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Wandervogel

Wandervogel emblem

Wandervogel is the name adopted by a popular movement of German youth groups from 1896 onward. The name can be translated as migratory bird and the ethos is to shake off the restrictions of society and get back to nature and freedom. Soon the groups split and there originated ever more organisations, which still all called themselves Wandervogel, but were organisationally independent. Nonetheless the feeling was still of being a common movement, but split into several branches.

Contents

[edit] History

The Wandervogel movement was officially established on 4 November 1901 by Herman Hoffmann Fölkersamb, who in 1895 had formed a study circle at the boys' Berlin-Steglitz grammar school where he was teaching. The Wandervogel soon became the pre-eminent German youth movement. It was a back-to-nature youth organization emphasizing freedom, self-responsibility, and the spirit of adventure, and took a nationalistic approach, stressing Germany's Teutonic roots.[1][2]

After World War I, the leaders returned disillusioned from the war. The same was true for leaders of German Scouting. So both movements started to influence each other heavily in Germany. From the Wandervogel came a stronger culture of hiking, adventure, bigger tours to farther places, romanticism and a younger leadership structure. Scouting brought uniforms, flags, more organization, more camps and a clearer ideology. There was also an educationalist influence from Gustav Wyneken.

Together this led to the emergence of the Bündische Jugend. The Wandervogel, German Scouting and the Bündische Jugend together are referred to as the German Youth Movement.

They had been around for more than a quarter of a century before National Socialists began to see an opportunity to hijack some methods and symbols of the German Youth Movement to use it in the Hitler Youth to influence the young.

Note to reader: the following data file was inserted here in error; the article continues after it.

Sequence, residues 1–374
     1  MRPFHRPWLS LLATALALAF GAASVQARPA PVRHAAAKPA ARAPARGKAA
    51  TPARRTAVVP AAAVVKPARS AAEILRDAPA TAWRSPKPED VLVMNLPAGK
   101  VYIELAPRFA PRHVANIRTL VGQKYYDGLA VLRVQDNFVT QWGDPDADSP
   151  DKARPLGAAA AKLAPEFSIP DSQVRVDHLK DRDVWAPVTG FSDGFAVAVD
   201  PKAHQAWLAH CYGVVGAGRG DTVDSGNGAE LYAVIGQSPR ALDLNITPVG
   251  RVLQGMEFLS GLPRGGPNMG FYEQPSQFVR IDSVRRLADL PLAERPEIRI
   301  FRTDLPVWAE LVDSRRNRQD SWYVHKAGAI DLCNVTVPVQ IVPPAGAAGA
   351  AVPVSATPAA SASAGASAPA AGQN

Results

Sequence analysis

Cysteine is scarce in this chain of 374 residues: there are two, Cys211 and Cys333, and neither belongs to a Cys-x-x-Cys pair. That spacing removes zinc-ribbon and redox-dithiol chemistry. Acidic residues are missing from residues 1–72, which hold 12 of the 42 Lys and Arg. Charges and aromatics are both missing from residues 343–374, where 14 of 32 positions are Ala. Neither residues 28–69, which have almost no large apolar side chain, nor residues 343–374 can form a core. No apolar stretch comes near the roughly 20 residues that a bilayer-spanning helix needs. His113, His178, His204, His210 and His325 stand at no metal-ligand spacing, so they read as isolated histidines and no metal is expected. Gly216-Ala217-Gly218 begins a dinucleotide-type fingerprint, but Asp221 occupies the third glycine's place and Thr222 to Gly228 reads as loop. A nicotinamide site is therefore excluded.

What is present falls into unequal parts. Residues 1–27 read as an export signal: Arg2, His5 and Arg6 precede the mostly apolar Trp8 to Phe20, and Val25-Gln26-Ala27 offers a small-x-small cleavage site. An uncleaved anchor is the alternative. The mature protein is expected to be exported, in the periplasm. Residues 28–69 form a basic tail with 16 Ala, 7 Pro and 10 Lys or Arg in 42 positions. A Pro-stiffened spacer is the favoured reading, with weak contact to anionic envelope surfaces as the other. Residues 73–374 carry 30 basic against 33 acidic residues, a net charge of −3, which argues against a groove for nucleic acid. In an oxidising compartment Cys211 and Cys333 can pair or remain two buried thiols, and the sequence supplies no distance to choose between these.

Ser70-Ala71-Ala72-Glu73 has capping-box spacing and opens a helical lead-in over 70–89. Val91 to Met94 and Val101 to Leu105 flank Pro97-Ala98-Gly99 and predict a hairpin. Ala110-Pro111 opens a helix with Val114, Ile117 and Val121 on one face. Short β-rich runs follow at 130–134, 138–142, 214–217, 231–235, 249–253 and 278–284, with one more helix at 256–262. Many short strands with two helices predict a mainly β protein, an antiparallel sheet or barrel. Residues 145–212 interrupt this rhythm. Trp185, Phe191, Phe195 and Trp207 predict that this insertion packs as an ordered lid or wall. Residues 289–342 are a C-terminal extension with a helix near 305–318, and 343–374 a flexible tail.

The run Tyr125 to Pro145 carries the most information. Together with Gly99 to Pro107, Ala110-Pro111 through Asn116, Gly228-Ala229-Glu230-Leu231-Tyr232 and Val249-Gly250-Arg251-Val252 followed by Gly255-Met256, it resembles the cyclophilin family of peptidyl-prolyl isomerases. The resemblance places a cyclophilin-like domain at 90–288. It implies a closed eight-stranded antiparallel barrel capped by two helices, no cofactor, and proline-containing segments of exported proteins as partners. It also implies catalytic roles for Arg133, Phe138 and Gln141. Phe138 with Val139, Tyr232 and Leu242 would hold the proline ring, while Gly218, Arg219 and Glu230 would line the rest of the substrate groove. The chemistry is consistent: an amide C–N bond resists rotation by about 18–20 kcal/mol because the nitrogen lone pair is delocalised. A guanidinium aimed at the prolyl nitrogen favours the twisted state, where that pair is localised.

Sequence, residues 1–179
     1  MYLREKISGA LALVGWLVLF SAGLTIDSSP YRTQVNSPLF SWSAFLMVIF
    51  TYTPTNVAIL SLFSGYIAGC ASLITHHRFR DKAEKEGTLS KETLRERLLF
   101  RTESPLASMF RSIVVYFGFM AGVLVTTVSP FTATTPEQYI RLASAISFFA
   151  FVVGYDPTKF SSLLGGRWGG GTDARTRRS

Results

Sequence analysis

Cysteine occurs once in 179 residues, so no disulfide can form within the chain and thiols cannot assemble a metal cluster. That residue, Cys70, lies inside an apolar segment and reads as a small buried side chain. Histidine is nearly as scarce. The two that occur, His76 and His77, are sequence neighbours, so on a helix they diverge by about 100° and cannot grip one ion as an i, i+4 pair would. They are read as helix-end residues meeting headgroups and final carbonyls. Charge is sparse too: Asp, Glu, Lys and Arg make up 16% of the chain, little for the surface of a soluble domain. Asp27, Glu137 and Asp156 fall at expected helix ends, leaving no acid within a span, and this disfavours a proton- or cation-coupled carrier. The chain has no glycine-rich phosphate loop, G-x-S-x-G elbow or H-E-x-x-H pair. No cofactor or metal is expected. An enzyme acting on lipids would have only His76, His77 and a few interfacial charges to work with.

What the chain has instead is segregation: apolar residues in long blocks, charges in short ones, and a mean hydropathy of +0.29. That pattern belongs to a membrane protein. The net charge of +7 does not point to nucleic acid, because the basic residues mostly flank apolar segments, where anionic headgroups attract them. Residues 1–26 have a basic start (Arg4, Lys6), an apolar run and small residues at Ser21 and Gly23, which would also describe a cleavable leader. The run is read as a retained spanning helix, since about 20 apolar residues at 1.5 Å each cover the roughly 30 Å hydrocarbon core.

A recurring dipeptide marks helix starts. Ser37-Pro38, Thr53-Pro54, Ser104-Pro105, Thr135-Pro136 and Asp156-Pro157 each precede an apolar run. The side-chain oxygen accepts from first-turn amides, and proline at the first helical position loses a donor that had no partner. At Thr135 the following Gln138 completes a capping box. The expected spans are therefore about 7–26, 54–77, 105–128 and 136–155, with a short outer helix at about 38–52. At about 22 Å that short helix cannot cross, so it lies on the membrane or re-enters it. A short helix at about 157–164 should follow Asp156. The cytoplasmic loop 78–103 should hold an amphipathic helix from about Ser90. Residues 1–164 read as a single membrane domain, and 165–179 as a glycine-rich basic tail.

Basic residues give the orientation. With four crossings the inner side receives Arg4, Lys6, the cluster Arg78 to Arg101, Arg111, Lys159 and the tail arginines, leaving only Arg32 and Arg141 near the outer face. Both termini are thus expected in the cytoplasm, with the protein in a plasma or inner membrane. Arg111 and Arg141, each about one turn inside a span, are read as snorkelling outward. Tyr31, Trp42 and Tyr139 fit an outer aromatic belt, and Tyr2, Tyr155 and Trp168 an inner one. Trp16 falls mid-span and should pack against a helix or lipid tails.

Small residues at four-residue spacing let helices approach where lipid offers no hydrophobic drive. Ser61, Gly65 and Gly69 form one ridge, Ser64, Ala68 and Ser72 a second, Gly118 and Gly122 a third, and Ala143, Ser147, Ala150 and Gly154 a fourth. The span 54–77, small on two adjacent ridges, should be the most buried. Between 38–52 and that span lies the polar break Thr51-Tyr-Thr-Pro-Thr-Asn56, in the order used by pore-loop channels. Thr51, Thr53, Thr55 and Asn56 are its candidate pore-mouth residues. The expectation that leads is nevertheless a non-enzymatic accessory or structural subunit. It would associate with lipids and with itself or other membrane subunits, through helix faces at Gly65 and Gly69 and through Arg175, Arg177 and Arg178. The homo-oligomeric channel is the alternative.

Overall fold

This movement was very influential at that time. Its members were romantic and prepared to sacrifice a lot for their ideals. That is why there are many to be found on both sides in the Third Reich. Some of the Wandervogel groups had Jewish members and Jewish scouting movements such as Hashomer Hatzair were influenced by the Wandervogel. Other groups within the movement were anti-semitic or close to the Nazi government. Therefore one can later find prominent members both subscribing to the Third Reich or resisting it.

From 1933 the Nazis outlawed the Wandervogel, German Scouting, the Jungenschaft, and the Bündische Jugend, along with most youth groups independent of the Hitler Youth. Only church affiliated groups survived, lasting until almost 1936.[3]

[edit] Modern aspects

The Wandervogel movement was refounded after World War II and exists in Germany to this day with around 5,000 members in many different associations, as well as in neighboring countries.

Before World War II, in a context of cordial relations with Germany, and in an effort to promote healthy activities for young people throughout the country, Japan's Ministry of education launched the movement among Japanese universities through its 「ÅÅäšワンダーフォーゲ«É」 (shôkenkai wandaahuôgurubu, promotion of health WanderVogel association ). The first WanderVogel student club was then created in 1935 in Rikkyo University. It then spread to Keio University and Meiji University, and from 1937 on to several other universities around the country, especially after WW2, in the context of high economic growth and popularization of mountaineering.A strong emphasis is put on autonomy (use of tents over mountain huts, no help from professional guides) [4] It is now a fairly renowned student club in Japan with activities ranging from mountaineering, sawanobori, ski touring etc...

[edit] Influence

Some authors have seen the ethos and activities of the Wandervogel as an influence on later social movements, in particular the hippie movement which developed in the USA during the 1960s.[5][6]

[edit] Notes

  1. ^ German Nationalist Youth Groups: Wandervogel
  2. ^ Wandervogel: history of the movement
  3. ^ Priepke, Manfred (1960). Die evangelische Jugend im Dritten Reich 1933â1936. Norddeutsche Verlagsanstalt. pp. 187â189. 
  4. ^ WanderVogel in Japan (wikipedia article in Japanese)
  5. ^ Gordon Kennedy & Kody Ryan, Hippie Roots & The Perennial Subculture, excerpt from Children of the Sun; A Pictorial Anthology From Germany To California, 1883-1949, 1998, ISBN 0-9668898-0-0
  6. ^ Wandervogel adventures (commercial site)

[edit] References

  • Walter Laqueur. Young Germany: A History of the German Youth Movement, Transaction Pub, 1984, ISBN 0-87855-960-4.
  • Jon Savage. Teenage: the creation of youth culture, Viking, 2007, ISBN 978-0-670-03837-4
  • Peter D. Stachura. The German youth movement, 1900-1945: an interpretative and documentary history, St. Martinâs Press, 1981, ISBN 0-312-32624-6
  • John A. Williams. Turning to nature in Germany: hiking, nudism, and conservation, 1900-1940, Stanford University Press, 2007, ISBN 978-0-8047-0015-3

[edit] External links



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